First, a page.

Read more about Switzerland

Utsikt Schweiz

Travelling to Switzerland - your guide to Switzerland's best destinations

Click here for even more tips on travelling in Switzerland. Here you will find tips on interesting places, sights, activities and experiences.

Car and camping in Switzerland

  • CountrySwitzerland has 26 cantons, similar to counties in Sweden, with their own government and laws.
  • Language: German, French, Italian and Rhaeto-Romanic.
  • Residents: 8.5 million inhabitants (2016)
  • Currency: Swiss franc (CHF)
  • Price mode: Expensive (more expensive than Sweden)
  • El: Like Sweden
  • Water: Drinkable
  • Religion: Christianity and some more Catholics than Protestants

Driving to Switzerland

  • Ferry Gothenburg-Kiel with Stena Line takes 14 h 30 min. drive A81 and A7 to Zurich and it takes 9 h 25 min and it's 963 km.
  • When you enter Switzerland, you buy a debit card at the nearest petrol station that costs about 400 Swiss francs, and you drive on all roads for a year.

Roads and driving in Switzerland

  • Roads: The roads are of a good standard, but you should be aware that some roads can be very steep. The long Gotthard tunnel can cause long queues, especially during the high season. For an extra scenic drive around the country, feel free to travel around Grand Tour of Switzerland.
  • Road tolls: To drive on motorways you have to buy a sticker, a vignette, which you attach to your windscreen. The sticker is available at petrol stations, currently costs CHF 40 and is valid for one calendar year. If you have a caravan in tow, you must buy two stickers. If you have a motorhome or other heavy vehicle over 3.5 tonnes, you must pay one tax per day (CHF 3.25/day, but always at least CHF 25). Report to customs at the border or at a post office.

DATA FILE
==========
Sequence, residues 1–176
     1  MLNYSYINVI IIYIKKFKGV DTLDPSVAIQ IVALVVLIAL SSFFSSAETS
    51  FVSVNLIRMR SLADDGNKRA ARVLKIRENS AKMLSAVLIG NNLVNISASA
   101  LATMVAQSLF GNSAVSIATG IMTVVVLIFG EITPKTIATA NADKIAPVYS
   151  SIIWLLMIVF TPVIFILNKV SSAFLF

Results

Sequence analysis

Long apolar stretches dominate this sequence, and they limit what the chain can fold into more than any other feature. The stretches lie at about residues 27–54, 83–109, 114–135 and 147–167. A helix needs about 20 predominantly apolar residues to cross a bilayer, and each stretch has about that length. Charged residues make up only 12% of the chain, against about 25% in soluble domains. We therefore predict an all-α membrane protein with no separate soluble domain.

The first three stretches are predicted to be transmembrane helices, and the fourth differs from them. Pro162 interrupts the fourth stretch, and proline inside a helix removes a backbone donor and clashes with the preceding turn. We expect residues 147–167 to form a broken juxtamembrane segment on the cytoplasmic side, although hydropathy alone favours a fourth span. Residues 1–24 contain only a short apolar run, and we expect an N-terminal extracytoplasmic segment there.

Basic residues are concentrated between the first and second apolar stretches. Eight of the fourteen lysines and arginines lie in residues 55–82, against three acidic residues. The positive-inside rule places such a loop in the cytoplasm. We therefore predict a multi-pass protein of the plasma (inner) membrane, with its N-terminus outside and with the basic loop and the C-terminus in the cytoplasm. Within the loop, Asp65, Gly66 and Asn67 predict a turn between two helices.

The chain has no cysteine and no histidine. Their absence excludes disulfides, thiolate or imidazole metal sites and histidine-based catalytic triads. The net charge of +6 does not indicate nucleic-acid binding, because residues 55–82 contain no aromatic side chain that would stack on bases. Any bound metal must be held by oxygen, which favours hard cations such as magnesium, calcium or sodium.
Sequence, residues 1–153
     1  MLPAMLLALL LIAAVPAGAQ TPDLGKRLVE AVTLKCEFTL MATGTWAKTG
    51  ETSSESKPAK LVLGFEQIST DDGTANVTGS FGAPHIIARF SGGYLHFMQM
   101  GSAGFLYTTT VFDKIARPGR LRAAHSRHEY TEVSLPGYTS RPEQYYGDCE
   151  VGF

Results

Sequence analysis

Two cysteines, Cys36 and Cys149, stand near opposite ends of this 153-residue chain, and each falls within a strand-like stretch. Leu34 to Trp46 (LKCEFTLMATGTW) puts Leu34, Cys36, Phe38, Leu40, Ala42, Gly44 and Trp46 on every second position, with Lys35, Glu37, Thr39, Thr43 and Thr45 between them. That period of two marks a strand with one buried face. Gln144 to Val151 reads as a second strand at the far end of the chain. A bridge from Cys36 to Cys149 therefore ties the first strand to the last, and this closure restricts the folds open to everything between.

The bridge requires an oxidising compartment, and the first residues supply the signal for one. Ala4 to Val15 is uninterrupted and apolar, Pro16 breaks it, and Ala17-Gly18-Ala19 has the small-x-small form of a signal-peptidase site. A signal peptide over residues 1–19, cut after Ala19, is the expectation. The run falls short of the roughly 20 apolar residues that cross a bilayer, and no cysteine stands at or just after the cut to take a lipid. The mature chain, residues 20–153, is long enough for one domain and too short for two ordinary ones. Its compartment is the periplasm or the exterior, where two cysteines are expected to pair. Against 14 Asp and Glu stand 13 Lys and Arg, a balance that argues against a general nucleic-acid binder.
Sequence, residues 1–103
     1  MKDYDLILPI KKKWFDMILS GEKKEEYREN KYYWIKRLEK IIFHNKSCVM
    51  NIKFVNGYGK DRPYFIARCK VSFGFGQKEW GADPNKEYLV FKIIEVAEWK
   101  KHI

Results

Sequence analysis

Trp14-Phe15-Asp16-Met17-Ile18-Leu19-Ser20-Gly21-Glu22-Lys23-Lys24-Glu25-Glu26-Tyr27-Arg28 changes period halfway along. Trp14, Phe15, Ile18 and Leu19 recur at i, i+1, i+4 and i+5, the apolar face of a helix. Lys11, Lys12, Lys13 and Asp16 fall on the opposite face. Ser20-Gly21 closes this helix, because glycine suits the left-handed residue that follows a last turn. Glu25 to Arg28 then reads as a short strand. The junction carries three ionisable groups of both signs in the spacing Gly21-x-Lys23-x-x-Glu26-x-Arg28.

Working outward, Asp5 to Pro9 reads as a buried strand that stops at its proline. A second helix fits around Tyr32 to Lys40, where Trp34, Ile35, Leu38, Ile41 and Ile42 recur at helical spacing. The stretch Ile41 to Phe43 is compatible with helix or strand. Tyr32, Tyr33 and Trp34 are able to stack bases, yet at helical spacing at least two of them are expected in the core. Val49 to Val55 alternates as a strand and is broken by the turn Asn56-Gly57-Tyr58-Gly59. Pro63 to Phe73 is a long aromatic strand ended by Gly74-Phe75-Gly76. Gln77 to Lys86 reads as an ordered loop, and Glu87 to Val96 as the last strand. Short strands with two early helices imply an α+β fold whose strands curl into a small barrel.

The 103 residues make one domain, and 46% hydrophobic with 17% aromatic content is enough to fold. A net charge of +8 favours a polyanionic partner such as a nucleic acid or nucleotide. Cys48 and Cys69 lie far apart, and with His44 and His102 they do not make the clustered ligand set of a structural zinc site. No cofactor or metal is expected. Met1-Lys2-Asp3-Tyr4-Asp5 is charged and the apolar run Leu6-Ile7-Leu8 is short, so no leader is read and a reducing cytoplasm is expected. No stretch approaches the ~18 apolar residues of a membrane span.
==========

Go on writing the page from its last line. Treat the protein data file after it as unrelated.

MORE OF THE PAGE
• Environmental zones: Zermatt is a completely car-free town, but there is camping outside the town.
  • Speed limits: Passenger cars and camper vans under 3.5 tonnes can drive 120 km/h on motorways, 100 km/h on expressways and 80 km/h on roads. Motorhomes over 3.5 tonnes may drive 100 on motorways and cars with trailers may drive 80 on motorways.
  • Per mille limit: 0.5 (0.1 for professional drivers and new licence holders)
  • Traffic rules: Talking on a handheld phone and sending text messages while driving is prohibited. On steep and winding roads in the Alps, the person driving uphill has the right of way. Buses always have the right of way regardless of the direction of travel.
  • Words in traffic: 'Transit' means bypass for through traffic. If you want to get to the centre of a city instead, follow the signs pointing to 'Altstadt', 'Stadtmitte' or 'Central ville'.
  • Fuel: Diesel Auto is for passenger cars, Diesel Camion is for heavy vehicles and Biodiesel 100 is pure rapeseed oil that requires an adapted engine. Make sure you have plenty of diesel or petrol in your tank if you're heading up the steep Alpine roads.
  • Parking rules:  Parking squares with a white border mean that you have to pay a fee at the machine. Parking squares with a blue border mean that parking is free, but limited in time.
  • Security: Make sure you have Roadside Assistance, so that you can get help on the spot in case of an accident. The emergency number for the country's emergency services is 112.

Rules on camping and pitches in Switzerland

  • There are plenty of campsites and even some caravan sites in Switzerland. 
  • Free camping is only allowed with the permission of the landowner. The rules for free camping are relatively restrictive, especially in the canton of Ticino, but occasional overnight stays with a motorhome in more uninhabited areas should not be a problem.